Graham v. Keuchel, 72586

CourtSupreme Court of Oklahoma
Citation847 P.2d 342,1993 OK 6
PartiesJames Randolph GRAHAM, II and Katrina Dawn Graham, natural father and mother, guardians and next friends of Donald Keaton Graham, a deceased minor, Appellants and Counter-Appellees, v. Joseph A. KEUCHEL, D.O.; W. Richard Loerke, D.O.; Benien Clinic, Inc., an Oklahoma corporation, Donald G. Dunaway, D.O.; Osteopathic Hospital Founders Association, an Oklahoma corporation, d/b/a Oklahoma Osteopathic Hospital, Appellees and Counter-Appellants, and Drs. Dean, Hall & Ryker, William E. Hall, M.D., and David E. Ryker, M.D., Defendants.
Docket NumberNo. 72586,72586
Decision Date26 January 1993

On Appeal from the District Court, Tulsa County; Daniel J. Boudreau, Judge.

In a medical malpractice action an Rh-negative mother sued for bodily injury and her husband joined with a separate claim for their child's wrongful death. They urged doctors and a hospital had negligently failed to type the mother's blood and administer the hyperimmune globulin Rho-GAM during an earlier miscarriage. The appeal is from judgment on a jury verdict for the defendants upon both claims. Doctors and hospital counter-appeal.


Jerry M. Melone, Matt A. Melone, Melone-Shepherd-Schroeder-Allred-Melone, Tulsa, for appellants and counter-appellees, James Randolph and Katrina Dawn Graham.

James K. Secrest, II, Edward J. Main, Secrest & Hill, Tulsa, for appellees and counter-appellants, Joseph A. Keuchel, D.O., W. Richard Loerke, D.O., and Benien Clinic, Inc.

Joseph M. Best, Joseph A. Sharp, John H.T. Sheridan, Best, Sharp, Sheridan & Stritzke, Tulsa, for appellee and counter-appellant, Donald G. Dunaway, D.O.

Pete Silva, Jr., Michael Barkley, John D. Clayman, Teresa G. Dreiling, Barkley, Rodolf, Silva, McCarthy & Rodolf, Tulsa, for appellee and counter-appellant, Osteopathic Hosp. Founders Ass'n, an Oklahoma corp., d/b/a Oklahoma Osteopathic Hosp.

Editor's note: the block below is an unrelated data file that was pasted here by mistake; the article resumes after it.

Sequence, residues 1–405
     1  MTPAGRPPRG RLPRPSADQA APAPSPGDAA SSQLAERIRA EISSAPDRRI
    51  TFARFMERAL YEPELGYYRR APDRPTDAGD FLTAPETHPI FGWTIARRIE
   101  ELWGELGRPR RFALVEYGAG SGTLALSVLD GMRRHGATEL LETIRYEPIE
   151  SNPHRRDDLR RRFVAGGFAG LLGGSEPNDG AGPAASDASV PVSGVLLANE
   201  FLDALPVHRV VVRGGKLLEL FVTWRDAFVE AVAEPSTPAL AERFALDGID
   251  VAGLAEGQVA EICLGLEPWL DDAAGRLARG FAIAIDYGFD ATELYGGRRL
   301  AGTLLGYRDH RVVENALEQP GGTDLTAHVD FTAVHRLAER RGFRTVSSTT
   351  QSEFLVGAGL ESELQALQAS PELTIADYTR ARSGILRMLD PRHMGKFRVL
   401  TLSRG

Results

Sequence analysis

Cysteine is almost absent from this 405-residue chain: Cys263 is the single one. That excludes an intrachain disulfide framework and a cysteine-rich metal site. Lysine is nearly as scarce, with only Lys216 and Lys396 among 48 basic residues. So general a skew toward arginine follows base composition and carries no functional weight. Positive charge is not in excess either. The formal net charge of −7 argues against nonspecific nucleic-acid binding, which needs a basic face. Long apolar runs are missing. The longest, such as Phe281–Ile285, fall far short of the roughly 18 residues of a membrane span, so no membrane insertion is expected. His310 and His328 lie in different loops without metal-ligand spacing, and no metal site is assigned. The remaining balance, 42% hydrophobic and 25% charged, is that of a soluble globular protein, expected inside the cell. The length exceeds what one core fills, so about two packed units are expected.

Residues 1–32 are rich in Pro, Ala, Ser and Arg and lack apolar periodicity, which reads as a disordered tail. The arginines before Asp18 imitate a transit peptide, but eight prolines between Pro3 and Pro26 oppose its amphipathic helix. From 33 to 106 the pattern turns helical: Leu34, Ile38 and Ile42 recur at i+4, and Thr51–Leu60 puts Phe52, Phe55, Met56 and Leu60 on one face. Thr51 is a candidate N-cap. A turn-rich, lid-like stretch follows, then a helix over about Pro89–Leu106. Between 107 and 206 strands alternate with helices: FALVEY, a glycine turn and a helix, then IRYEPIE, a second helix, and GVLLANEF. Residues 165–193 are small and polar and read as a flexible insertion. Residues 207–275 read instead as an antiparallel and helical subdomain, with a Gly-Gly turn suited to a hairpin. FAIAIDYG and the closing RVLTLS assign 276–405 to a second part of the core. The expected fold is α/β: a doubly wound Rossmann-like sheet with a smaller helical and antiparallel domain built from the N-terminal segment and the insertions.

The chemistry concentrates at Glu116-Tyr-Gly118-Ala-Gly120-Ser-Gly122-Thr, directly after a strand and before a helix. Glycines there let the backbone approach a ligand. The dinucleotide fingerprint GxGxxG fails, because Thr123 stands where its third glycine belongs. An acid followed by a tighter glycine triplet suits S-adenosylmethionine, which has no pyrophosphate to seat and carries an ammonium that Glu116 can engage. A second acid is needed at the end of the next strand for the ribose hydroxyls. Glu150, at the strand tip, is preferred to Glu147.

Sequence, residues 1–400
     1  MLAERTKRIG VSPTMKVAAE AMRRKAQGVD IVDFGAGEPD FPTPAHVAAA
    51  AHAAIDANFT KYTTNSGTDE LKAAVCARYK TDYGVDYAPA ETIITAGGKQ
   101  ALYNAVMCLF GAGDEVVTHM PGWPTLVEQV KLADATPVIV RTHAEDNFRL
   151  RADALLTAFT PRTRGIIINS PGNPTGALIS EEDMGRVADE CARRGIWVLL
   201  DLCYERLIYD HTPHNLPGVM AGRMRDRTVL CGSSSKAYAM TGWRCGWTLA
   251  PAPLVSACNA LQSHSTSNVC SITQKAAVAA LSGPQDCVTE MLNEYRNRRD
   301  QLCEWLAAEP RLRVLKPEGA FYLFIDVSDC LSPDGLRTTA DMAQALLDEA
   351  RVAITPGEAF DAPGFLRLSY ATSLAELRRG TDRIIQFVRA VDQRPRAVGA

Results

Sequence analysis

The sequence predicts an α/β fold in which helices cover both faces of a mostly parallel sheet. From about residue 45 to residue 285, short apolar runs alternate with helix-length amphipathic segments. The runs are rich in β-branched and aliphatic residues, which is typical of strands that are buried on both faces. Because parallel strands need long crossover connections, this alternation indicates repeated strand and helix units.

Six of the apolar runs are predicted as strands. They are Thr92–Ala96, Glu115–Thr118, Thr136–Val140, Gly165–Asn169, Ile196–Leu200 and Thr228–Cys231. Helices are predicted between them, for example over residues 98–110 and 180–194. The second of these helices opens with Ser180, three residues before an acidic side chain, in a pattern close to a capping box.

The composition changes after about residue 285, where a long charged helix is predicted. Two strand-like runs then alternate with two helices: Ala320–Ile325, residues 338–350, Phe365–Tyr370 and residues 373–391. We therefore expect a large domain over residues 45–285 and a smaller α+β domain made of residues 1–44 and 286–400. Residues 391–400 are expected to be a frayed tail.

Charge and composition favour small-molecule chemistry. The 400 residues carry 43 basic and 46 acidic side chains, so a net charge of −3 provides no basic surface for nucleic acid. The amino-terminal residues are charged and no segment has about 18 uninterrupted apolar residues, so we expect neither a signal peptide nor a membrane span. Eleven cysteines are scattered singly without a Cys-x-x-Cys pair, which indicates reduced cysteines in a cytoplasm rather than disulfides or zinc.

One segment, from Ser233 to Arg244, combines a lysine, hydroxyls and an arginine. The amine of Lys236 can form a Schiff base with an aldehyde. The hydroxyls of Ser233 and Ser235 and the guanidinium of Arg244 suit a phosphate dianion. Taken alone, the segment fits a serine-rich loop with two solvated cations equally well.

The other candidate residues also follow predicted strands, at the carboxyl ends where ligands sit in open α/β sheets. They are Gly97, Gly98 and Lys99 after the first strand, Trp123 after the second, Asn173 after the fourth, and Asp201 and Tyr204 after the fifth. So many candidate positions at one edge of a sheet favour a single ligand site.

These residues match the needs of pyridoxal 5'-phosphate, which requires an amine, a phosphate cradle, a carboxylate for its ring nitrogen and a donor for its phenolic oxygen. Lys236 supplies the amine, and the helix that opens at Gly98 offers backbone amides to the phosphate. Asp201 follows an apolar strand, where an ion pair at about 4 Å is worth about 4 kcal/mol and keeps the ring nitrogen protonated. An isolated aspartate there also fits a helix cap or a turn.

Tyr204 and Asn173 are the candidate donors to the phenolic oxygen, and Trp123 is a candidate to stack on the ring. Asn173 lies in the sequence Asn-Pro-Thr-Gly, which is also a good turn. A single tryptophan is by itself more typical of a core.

OPALA, Chief Justice.

Two issues are dispositive of this appeal: Was the supervening cause instruction in the wrongful death claim 1 fatally or reversibly flawed? Did the trial court commit reversible error by instructing on "mistake of judgment" 2 when this jury charge was unwarranted by the evidence adduced in the trial of both claims? We answer both questions in the affirmative, reverse the judgment and remand the cause for a new trial not inconsistent with this opinion. 3

Two more issues are presented by counter-appeal: Did the trial court err by failing to direct a verdict for defendants on the wrongful death claim? Should the trial court have held that the mother's bodily injury claim was time barred? We answer both questions in the negative.


The plaintiff Katrina Graham [the mother] brought suit for her own bodily injury and was joined by her husband, as next friend [the parents], in a claim for their child's [Donald's] wrongful death. 4 Both causes were based upon negligent medical treatment the mother had received in connection with a pregnancy and miscarriage in 1981-1982. 5 The mother contended that the defendants [doctors] 6 did not determine her blood type nor give her the anti-sensitization drug Rho-GAM, 7 which (a) caused her to become sensitized, 8 (b) seriously impaired her ability to bear healthy children and (c) placed her in great danger. 9 The parents argued that the doctors' negligent sensitization of the mother was the direct cause of Donald's fatal condition and his death.

Donald was born on December 19, 1983 with a hemolytic disease called erythroblastosis fetalis [EBF]; he died four days later. A child who is RH-positive may be born with EBF if its RH-negative mother has, during an earlier pregnancy, miscarriage or childbirth, become sensitized 10 to the D antigen which is present in RH-positive blood. 11 A sensitized RH-negative woman's blood contains antibodies which, during a later pregnancy, 12 may cross the placenta Sensitization can usually be prevented 14 by giving an RH-negative mother the drug Rho-GAM 15 during all pregnancies 16 and after every miscarriage, abortion or birth of an RH-positive fetus or child. 17 Failure to give Rho-GAM to an RH-negative mother of an RH-positive fetus or child at the proper time increases the risk of the immune response and its consequences for later pregnancies--i.e., the possibility of severe fetal harm or death.

into the RH-positive fetus to attack and destroy its red blood cells. This may cause anemia in the fetus or in the unborn child. The anemia may range from a mild case, which can be remedied by blood transfusion at birth, to severe anemia (EBF) which is often lethal to the baby--as it was in the case before us now. 13